Quote from: yg1968 on 02/27/2017 02:54 PMNASA quitely announced that it bought Soyuz seats for 2017 and 2018 from Boeing last week:https://www.nasa.gov/feature/additional-crew-flights-boost-space-station-science-and-research/Does that mean Boeing will fly that many fewer Commercial Crew missions because NASA paid them off for them?
NASA quitely announced that it bought Soyuz seats for 2017 and 2018 from Boeing last week:https://www.nasa.gov/feature/additional-crew-flights-boost-space-station-science-and-research/
Does an Atlas V/Vulcan and a Starliner have the capability to do a moon flyby as recently announced for the FH and Crew Dragon?
IIRC, Boeing said CST is not designed for BEO missions, in particular it lacks a lunar return capable heatshield.
Really enjoyed this video, especially how they handled the audio. Much more fun to listen to the wind and hardware than some lame voice-over.Hope the tests continue to go well.
Apologies if this is an old topic, but is there any info regarding why Starliner needs to jettison its heat shield (at 4,500 ft)? Am I correct that both Dragon 2 and Orion will land with theirs? thanks...
Quote from: larmeyers on 03/13/2017 01:51 PMApologies if this is an old topic, but is there any info regarding why Starliner needs to jettison its heat shield (at 4,500 ft)? Am I correct that both Dragon 2 and Orion will land with theirs? thanks...It probably has to do with being able to deploy the airbags and allow for a slower touchdown.
I am surprised that the Russian made RD180 engines are still an issue. All the plans for making them were delivered many years ago at the start of the contract. They have proven to be highly reliable, so what is the issue?
Quote from: Roy_H on 03/13/2017 03:47 PMI am surprised that the Russian made RD180 engines are still an issue. All the plans for making them were delivered many years ago at the start of the contract. They have proven to be highly reliable, so what is the issue?ITAR and the equivalent Russian laws. Any exchange requires an inquire for each set of questions. And you can get fined even from asking a question that might divulge that you know something that's not common knowledge. Besides, they had not all the data. Some things like anti corrosion treatment on the nozzle were not included. And the whole Russian system engineering is very different from the US. So asking for their paper trail to match NASA's expectations is a gruesome prospect.
Article on chutes and ASAP worrying about RD-180:https://www.nasaspaceflight.com/2017/03/chute-tests-starliner-asap-worry-rd-180-certification/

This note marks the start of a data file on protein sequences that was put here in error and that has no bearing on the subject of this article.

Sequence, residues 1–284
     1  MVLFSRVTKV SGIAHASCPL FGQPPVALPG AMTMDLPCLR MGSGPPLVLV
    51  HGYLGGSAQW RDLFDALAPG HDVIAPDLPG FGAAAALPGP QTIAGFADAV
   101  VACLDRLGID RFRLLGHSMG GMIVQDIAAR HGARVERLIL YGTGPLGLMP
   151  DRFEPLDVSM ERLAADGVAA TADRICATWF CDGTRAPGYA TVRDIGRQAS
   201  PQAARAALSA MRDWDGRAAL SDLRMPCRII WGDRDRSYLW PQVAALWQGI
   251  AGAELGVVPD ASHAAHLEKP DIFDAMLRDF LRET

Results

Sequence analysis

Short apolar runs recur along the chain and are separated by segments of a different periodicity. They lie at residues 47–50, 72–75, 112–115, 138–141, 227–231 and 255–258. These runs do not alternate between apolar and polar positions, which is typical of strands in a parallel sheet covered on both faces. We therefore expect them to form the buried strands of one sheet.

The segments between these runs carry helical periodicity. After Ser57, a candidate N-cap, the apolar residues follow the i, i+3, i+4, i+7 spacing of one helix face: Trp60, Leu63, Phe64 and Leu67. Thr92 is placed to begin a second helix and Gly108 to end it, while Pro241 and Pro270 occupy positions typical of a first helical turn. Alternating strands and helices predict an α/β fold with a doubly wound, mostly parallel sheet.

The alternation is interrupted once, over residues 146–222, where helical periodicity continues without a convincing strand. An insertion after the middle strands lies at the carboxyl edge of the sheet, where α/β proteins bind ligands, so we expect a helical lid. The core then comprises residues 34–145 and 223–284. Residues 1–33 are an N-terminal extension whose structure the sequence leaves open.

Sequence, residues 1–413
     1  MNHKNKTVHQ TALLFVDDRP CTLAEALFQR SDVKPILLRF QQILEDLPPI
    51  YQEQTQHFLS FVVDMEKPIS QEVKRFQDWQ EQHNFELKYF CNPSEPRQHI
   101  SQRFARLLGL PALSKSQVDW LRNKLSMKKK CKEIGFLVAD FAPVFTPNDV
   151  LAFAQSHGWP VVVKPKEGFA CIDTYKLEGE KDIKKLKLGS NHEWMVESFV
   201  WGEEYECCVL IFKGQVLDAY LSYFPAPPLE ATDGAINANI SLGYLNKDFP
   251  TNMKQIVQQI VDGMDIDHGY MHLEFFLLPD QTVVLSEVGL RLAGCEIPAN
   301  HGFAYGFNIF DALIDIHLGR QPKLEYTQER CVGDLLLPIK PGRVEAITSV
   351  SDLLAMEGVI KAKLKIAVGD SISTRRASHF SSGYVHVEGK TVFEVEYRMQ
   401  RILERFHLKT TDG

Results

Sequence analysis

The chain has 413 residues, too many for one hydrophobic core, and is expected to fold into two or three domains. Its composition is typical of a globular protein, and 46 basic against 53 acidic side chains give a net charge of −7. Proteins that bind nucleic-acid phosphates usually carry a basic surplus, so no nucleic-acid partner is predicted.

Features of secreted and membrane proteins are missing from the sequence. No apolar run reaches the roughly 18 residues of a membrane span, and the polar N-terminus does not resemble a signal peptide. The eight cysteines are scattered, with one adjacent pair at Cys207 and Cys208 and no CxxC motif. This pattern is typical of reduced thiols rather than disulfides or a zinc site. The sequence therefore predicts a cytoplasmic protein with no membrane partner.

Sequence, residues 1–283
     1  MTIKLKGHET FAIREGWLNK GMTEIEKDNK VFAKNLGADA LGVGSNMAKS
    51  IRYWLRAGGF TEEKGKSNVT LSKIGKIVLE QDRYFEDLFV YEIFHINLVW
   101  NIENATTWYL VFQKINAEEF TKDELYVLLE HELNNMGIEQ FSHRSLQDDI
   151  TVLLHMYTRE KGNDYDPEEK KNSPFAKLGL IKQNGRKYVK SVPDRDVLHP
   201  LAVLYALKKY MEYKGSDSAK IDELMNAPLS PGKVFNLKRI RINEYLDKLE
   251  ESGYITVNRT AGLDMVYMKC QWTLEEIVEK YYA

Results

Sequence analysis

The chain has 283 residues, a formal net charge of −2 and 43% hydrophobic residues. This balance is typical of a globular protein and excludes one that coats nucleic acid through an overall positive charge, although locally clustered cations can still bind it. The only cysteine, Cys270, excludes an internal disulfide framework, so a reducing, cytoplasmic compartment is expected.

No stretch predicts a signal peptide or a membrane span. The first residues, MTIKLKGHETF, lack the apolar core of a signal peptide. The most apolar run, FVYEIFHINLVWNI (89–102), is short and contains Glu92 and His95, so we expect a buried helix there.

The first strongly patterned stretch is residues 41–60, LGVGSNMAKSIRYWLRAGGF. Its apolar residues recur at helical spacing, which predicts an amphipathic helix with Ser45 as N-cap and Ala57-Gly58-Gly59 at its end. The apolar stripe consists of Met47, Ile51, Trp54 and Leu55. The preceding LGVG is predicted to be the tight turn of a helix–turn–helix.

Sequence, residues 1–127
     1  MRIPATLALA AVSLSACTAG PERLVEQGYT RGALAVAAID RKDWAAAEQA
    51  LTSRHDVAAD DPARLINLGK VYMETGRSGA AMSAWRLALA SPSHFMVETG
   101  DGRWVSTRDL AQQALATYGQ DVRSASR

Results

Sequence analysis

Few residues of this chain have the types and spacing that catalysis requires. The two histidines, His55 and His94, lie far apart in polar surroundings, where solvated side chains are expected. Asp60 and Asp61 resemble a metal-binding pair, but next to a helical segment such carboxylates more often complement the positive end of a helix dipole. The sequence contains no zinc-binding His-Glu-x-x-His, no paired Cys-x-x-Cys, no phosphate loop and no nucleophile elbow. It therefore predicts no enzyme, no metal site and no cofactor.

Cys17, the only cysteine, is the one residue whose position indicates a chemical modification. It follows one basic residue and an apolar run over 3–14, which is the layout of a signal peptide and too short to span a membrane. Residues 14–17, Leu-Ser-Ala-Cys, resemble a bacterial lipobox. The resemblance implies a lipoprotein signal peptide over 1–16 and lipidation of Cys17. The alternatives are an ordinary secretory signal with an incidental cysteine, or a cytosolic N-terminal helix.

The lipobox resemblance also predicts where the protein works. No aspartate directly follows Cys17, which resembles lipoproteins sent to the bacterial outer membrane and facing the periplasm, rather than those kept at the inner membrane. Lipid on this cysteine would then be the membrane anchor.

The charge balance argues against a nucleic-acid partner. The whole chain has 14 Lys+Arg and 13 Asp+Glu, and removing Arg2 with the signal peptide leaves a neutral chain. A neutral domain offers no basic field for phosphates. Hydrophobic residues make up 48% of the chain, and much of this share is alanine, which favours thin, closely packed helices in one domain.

Quote from: Chris Bergin on 03/13/2017 01:38 PMArticle on chutes and ASAP worrying about RD-180:https://www.nasaspaceflight.com/2017/03/chute-tests-starliner-asap-worry-rd-180-certification/It would be nice if there's an explanation of what "SureSep separation ring" is and what it separates...
United Launch Alliance Completes Crew Emergency Egress SystemULA and Terra-Nova Zipline provide NASA and commercial astronauts with safe, new generation egress option Cape Canaveral Air Force Station, Fla., (April 2, 2017) – The final test of the Emergency Egress System (EES) was conducted recently, signifying the completion of another United Launch Alliance (ULA) milestone supporting NASA’s Commercial Crew Program. The EES was developed in support of Boeing’s Starliner crew capsule and is a means of rapid egress for astronauts in case of an anomaly. “ULA is absolutely focused on the safety of the crews we will be supporting, and, although we hope to never use it, we are excited to announce the Emergency Egress System is fully operational,” said Gary Wentz, vice president of Human & Commercial Services. “Through our partnership with Terra-Nova, a company that designs and builds zip lines for recreational use, a modified, off-the-shelf product has been designed and constructed to meet our needs and reduce costs, while maintaining reliability and safety.”The egress cables are situated on level 12 of the Crew Access Tower (CAT), 172 feet above the Space Launch Complex 41 pad deck at Cape Canaveral Air Force Station, and will allow the crew to evacuate the CAT quickly to a landing zone more than 1,340 feet from the launch vehicle. The EES can accommodate up to 20 personnel, including ground crew and flight crew.Terra-Nova, LLC (makers of the ZipRider® Hybrid) offered a commercially developed EES based on their “off-the-shelf,” patented designs. The ZipRider was easily adaptable to ULA’s specific needs, while offering an unmatched safety record, and providing the best overall value. In just 30 seconds, the rider reaches top speeds of 40 mph. The riders control their speed by releasing pressure on the handles, with the ability to glide to a gentle stop at the landing zone. There are 30 feet of springs on each cable located in the landing area to gradually slow a rider down if they forget to brake. Terra-Nova will install a training system located north of the CAT for riders to practice on before final training on the operational EES. The Boeing Company is developing Starliner and selected ULA’s Atlas V rocket for human-rated spaceflight to the International Space Station. ULA’s Atlas V has launched more than 70 times with a 100 percent mission success rate. “Crew safety is paramount, and the ULA Emergency Egress System hits the mark for an effective yet simple system that is adapted from other commercial applications,” said Chris Ferguson, Boeing director of Starliner Crew and Mission Systems and a former NASA astronaut. “We look forward to spaceflight operations next year knowing that every measure to protect the flight and ground crew has been employed."With more than a century of combined heritage, United Launch Alliance is the nation’s most experienced and reliable launch service provider. ULA has successfully delivered more than 115 satellites to orbit that aid meteorologists in tracking severe weather, unlock the mysteries of our solar system, provide critical capabilities for troops in the field and enable personal device-based GPS navigation.